Q: One of the most exciting scenes is a skydiving scene. How was that filmed?
A: There's a cat and mouse game. Bond and Camille are in the plane and they are getting shot down. The organization Quantum wants them dead. They need to get out of the plane, but they only have one parachute between them. Directors always shoot actors against a green screen but I feel like it doesn't feel real. In the air tunnel at Bodyflight (see more details below), where skydivers train, you have the same effect and feel because it's the same air pressure. The actors aren't on cables and are floating. Their face configurations are really real so they can just focus on acting. We had 16 cameras around the cylinder, and we motion-captured the entire flight. We were then able to rebuild the environment so it would very real. And we had a cameraman in there on some takes for close-ups.
Q: Was it difficult getting Daniel Craig and Olga Kurylenko (Bond's co-conspirator) to do their own stunts for this scene?
A: They wanted to do it. It wouldn't have been possible for stunt people to do it because you can see their faces. They had no other choice! Olga trained for three weeks prior; Daniel didn't train that much—only a few times. It was the first time skydiving for both.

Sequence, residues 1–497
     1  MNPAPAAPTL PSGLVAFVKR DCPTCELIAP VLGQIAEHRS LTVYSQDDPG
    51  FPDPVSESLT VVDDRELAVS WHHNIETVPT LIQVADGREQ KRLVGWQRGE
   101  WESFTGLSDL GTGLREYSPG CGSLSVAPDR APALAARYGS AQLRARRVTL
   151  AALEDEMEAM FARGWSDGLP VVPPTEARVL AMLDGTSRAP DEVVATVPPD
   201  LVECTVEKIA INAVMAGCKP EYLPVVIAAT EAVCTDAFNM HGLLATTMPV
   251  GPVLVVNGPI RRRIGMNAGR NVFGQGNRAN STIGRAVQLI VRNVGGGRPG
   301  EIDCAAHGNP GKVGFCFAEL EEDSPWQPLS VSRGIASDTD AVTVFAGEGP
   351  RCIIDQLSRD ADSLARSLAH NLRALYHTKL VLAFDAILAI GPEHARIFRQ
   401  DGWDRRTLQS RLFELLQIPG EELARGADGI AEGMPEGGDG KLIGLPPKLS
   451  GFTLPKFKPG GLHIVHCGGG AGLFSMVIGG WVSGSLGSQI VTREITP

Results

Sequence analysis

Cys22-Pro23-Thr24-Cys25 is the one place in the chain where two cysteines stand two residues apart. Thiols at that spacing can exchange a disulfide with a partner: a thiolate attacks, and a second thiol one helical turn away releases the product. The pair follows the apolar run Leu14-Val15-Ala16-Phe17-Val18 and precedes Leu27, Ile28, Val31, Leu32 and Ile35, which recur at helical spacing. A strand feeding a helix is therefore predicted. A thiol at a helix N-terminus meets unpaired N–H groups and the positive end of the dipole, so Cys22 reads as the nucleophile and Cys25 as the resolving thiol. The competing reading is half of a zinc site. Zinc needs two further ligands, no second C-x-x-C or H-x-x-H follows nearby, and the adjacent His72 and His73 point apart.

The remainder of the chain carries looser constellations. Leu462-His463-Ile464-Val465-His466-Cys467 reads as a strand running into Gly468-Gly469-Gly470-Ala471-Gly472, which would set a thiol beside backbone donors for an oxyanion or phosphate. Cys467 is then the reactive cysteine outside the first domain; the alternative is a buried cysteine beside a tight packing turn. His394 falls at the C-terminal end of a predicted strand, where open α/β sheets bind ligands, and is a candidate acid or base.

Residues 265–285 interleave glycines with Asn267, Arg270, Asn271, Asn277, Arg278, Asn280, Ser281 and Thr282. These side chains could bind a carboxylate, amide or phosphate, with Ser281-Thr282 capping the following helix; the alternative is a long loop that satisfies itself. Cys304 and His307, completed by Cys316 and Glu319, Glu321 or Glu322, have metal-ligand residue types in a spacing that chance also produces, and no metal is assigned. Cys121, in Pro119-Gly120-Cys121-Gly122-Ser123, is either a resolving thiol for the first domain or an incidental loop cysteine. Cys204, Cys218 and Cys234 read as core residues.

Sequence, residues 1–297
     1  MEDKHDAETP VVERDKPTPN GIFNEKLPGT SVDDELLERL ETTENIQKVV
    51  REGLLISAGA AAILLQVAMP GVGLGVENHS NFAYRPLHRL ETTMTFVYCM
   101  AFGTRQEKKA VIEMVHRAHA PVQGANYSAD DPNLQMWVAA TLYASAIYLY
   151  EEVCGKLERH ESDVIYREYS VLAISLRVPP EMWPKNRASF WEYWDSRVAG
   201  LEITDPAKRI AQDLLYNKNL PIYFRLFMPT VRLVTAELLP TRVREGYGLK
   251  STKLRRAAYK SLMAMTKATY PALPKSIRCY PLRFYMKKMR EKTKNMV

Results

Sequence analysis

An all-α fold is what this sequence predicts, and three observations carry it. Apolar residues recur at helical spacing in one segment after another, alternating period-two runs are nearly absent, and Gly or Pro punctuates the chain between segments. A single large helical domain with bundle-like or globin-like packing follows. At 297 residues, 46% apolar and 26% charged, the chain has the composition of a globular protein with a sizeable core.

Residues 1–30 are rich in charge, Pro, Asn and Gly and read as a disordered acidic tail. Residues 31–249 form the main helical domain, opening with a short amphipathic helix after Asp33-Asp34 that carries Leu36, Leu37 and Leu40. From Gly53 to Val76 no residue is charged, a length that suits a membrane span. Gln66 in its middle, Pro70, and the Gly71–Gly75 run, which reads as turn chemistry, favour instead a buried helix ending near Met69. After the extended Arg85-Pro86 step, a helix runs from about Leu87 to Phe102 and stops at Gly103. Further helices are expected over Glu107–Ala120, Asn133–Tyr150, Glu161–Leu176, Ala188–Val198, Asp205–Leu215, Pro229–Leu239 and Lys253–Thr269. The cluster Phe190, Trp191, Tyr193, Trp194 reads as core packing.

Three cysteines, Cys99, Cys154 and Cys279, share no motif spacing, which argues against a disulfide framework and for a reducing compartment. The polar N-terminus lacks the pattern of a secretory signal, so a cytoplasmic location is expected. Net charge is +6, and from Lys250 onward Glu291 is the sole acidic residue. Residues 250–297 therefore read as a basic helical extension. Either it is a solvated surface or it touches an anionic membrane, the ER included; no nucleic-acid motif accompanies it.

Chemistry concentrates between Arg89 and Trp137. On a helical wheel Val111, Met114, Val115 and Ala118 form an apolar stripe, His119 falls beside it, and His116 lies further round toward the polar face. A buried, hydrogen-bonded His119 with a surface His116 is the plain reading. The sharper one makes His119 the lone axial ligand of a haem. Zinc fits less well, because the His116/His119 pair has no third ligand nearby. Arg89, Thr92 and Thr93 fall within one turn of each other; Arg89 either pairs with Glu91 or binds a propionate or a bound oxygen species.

Q: Did you get into the wind tunnel as well?
A: I wanted to, but didn't get to it. [See below on how you can try out the wind tunnel yourself.]
Q: What are some of your most travel-inspiring movies?
A: "The Parallax View" because it has the beautiful Space Needle in Seattle. I always wanted to travel to Seattle because of that movie. And in "The Talented Mr. Ripley", Anthony Minghella has some beautiful locations in Italy.
Q: Of your own movies, is there one that made you want to travel the most?
For a video outtake of Bond's plane being shot down, plus tips on how to travel to the scenes from the opening sequence in "Quantum of Solace," check out this video:
Want to plan a trip to see the sights Bond visits in "Quantum of Solace"? Here are a few stops you can make: